Measure Twice, Drill Once

Once more I was sent to a bank to work on a Banking On Line installation.  On this particular job I needed to drill a hole through a concrete wall from a hallway into a room with a plethora of file cabinets.

We didn’t want to move all the file cabinets, and the drill we were using required water cooling.  The hallway did not have sufficient room to set up the drill, so we covered the cabinets with visqueen and set up a hose with running water to cool the bit.

I was told that the wall was filled with rebar made of steel, not iron.  Whereas we would have been able to cut through iron, the steel rebar would perhaps ruin the bit.  I got a blueprint of where the rebar had been placed in the wall.  There was no reference point inside the room with the file cabinets to determine where the rebar was.  It was necessary to determine the location from the hallway area.

In the hallway I carefully measured to an exact point where the rebar was located and marked an “X” in a location as the place I wanted to be sure to miss.  I then calculated the distance from that spot to the floor, measured 30 feet along the floor (a sloping floor), then I turned and measured down two steps and 8 feet laterally, then I turned again and measured up a step and into the file cabinet room 20 feet, then I turned and measured behind the file cabinets, and finally I measured back up the wall and put a dot on the wall where we would be drilling.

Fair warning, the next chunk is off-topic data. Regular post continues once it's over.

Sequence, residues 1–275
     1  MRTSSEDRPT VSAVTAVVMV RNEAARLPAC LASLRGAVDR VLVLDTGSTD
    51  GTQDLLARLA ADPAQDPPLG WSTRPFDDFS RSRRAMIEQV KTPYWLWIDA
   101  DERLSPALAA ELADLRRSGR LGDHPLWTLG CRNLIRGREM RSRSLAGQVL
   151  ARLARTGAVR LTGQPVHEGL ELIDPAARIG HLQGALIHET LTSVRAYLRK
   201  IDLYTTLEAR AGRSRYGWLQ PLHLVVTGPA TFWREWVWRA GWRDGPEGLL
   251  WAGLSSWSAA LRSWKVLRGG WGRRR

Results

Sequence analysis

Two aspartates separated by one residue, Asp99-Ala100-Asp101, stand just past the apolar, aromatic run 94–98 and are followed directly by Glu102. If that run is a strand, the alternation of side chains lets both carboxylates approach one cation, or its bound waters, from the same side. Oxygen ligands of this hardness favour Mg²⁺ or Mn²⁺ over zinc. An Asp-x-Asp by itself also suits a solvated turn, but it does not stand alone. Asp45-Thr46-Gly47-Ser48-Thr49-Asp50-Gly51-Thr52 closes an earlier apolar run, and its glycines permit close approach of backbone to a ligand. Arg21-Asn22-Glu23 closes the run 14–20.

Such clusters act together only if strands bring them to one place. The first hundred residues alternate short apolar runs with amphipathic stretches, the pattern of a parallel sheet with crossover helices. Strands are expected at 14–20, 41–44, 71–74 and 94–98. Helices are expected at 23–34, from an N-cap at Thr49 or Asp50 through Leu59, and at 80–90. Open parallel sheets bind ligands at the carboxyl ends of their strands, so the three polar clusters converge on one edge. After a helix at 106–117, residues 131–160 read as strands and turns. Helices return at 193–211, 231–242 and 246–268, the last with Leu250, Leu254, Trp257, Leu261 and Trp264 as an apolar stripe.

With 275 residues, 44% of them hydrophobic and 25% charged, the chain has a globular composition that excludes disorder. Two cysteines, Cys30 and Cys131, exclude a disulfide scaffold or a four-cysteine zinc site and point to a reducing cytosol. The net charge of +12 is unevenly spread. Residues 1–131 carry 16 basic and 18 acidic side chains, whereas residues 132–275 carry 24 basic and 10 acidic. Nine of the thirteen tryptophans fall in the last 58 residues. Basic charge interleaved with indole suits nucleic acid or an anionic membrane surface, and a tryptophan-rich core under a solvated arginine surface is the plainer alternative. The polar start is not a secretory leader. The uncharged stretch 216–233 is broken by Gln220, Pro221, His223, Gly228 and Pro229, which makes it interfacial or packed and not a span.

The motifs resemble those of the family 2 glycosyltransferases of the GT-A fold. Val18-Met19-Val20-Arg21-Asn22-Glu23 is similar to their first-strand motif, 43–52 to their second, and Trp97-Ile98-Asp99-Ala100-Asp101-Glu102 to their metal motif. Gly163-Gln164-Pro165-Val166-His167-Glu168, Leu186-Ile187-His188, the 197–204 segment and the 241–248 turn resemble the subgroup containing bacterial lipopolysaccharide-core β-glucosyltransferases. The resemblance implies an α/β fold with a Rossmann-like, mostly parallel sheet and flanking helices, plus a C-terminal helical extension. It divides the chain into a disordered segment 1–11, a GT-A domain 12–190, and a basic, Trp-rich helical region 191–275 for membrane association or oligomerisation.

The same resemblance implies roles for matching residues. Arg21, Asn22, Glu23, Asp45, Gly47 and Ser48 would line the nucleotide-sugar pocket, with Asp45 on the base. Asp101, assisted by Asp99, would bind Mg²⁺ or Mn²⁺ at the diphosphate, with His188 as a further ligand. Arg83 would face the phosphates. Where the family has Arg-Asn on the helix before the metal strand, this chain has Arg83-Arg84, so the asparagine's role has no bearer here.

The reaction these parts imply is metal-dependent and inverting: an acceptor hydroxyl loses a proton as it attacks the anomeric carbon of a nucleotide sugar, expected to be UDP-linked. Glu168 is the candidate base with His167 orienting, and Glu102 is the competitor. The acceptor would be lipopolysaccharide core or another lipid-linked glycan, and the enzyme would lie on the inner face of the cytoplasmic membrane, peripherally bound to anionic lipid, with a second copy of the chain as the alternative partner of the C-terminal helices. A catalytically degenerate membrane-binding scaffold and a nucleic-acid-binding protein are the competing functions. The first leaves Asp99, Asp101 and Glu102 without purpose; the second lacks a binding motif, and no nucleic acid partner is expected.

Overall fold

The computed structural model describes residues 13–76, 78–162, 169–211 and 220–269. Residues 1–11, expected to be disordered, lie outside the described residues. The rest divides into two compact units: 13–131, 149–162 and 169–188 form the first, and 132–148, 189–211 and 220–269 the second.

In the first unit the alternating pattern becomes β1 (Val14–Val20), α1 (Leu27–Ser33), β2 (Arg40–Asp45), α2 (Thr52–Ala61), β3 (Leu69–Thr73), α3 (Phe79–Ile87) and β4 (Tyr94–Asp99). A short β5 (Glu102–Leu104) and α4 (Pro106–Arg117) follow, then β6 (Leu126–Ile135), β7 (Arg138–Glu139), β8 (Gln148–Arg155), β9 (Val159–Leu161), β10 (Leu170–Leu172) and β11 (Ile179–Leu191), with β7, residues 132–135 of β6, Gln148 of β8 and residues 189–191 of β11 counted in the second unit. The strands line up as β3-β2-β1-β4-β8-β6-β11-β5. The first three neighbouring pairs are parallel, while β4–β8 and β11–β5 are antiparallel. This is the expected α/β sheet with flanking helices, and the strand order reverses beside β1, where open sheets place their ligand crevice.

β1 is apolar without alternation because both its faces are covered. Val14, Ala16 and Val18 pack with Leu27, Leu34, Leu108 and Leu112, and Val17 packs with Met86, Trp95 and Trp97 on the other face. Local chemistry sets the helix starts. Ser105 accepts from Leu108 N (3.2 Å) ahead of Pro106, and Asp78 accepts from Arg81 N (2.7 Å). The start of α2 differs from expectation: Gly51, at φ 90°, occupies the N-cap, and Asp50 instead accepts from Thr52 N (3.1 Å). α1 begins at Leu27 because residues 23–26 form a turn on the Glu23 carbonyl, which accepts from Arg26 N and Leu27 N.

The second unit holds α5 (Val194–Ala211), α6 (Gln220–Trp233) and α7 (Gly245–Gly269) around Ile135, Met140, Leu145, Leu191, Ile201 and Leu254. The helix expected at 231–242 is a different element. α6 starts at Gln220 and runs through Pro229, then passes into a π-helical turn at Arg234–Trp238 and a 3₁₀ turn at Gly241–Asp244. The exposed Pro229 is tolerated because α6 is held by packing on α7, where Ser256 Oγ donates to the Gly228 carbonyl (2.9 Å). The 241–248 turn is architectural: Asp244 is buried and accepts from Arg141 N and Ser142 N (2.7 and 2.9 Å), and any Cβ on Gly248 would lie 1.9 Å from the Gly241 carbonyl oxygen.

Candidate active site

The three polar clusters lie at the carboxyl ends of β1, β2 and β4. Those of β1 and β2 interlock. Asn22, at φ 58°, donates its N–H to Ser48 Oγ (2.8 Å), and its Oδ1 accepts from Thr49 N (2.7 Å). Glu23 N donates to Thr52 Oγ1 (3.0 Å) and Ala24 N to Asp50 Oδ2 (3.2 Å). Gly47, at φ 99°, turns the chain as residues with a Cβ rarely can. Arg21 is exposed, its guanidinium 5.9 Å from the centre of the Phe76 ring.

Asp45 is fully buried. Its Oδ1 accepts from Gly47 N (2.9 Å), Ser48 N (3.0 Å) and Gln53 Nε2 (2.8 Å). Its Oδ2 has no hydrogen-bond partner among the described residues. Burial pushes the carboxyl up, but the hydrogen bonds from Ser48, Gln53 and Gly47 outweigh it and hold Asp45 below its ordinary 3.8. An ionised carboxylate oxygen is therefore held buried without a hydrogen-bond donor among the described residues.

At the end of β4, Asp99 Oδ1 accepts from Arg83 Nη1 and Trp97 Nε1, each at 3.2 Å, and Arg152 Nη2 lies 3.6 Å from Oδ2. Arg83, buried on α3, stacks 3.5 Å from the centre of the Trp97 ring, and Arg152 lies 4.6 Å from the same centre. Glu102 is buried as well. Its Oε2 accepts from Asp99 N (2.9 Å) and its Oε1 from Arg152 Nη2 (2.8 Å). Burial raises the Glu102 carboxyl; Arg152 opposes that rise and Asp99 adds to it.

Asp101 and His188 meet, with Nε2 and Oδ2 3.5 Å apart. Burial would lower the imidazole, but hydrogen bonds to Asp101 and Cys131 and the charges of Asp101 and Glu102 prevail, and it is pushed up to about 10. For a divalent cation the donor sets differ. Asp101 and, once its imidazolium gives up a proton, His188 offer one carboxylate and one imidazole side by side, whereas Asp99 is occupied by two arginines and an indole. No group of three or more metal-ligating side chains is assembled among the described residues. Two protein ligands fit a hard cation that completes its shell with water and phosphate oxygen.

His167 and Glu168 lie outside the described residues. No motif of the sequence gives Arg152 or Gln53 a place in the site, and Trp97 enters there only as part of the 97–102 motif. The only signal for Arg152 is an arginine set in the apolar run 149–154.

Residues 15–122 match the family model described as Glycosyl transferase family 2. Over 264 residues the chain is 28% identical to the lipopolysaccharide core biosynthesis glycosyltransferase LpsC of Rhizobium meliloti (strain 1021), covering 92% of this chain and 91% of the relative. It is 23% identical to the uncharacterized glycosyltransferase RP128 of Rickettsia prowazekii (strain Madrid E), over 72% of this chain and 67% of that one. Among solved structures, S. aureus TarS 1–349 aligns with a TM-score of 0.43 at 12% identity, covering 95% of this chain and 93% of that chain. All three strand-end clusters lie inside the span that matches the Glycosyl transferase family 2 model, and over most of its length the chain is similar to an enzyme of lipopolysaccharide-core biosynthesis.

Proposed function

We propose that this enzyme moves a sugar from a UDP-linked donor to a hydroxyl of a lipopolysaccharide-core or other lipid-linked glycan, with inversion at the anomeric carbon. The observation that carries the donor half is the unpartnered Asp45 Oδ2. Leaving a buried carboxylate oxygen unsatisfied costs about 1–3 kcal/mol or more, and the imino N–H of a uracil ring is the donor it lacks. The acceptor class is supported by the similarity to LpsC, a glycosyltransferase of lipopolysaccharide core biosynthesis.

The “we” in this instance was a young apprentice that was helping me do all the measuring and marking and would be assisting in the drilling procedure.  I could tell he was doubtful that this method was going to work.  I didn’t tell him, but I was also doubtful.

We got on top of the file cabinets.  One of us would handle the water hose and the bucket to catch the water.  We took turns handling the drill and hose and bucket.  The drill bit was actually a hole-saw that cut a core out of the cement.  We would drill a while, pull the drill out and break out a piece of the core and drill again.  When we finally broke through we pulled out the drill and the last of the core.  There, right in the center of the core was the “X” I had made on the hallway wall.  The spot I had intended to miss.

I said to my apprentice, jokingly, “See how close we measured?”  We cleaned up our mess and I looked in the hole.  We had just skimmed the edge of one of the rebars.

The apprentice was called to another job our company was doing downtown and I finished up at the bank.  Then I was also sent to the same job he had been sent to.  The guys on that job said the apprentice had told them of measuring down the hallway across the room and up the wall and hitting the spot right on the mark.

I tried to explain to the other guys that it was the spot I had intended to miss.  Somehow they wouldn’t believe me.  I guess I had built up a reputation by that time.

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